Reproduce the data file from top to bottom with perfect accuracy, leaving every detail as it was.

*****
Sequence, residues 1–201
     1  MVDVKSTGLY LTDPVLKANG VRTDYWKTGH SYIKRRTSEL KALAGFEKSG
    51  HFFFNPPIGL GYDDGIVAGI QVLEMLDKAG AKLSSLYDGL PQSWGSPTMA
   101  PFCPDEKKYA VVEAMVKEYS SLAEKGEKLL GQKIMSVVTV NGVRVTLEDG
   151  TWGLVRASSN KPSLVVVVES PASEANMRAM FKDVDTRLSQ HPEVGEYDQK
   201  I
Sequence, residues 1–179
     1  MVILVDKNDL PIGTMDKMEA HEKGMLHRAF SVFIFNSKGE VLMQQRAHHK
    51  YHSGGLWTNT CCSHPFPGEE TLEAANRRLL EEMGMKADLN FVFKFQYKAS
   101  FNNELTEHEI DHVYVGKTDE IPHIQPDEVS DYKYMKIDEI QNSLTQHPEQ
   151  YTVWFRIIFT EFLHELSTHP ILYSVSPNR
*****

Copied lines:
Sequence, residues 1–201
     1  MVDVKSTGLY LTDPVLKANG VRTDYWKTGH SYIKRRTSEL KALAGFEKSG
    51  HFFFNPPIGL GYDDGIVAGI QVLEMLDKAG AKLSSLYDGL PQSWGSPTMA
   101  PFCPDEKKYA VVEAMVKEYS SLAEKGEKLL GQKIMSVVTV NGVRVTLEDG
   151  TWGLVRASSN KPSLVVVVES PASEANMRAM FKDVDTRLSQ HPEVGEYDQK
   201  I
Sequence, residues 1–179
     1  MVILVDKNDL PIGTMDKMEA HEKGMLHRAF SVFIFNSKGE VLMQQRAHHK
    51  YHSGGLWTNT CCSHPFPGEE TLEAANRRLL EEMGMKADLN FVFKFQYKAS
   101  FNNELTEHEI DHVYVGKTDE IPHIQPDEVS DYKYMKIDEI QNSLTQHPEQ
   151  YTVWFRIIFT EFLHELSTHP ILYSVSPNR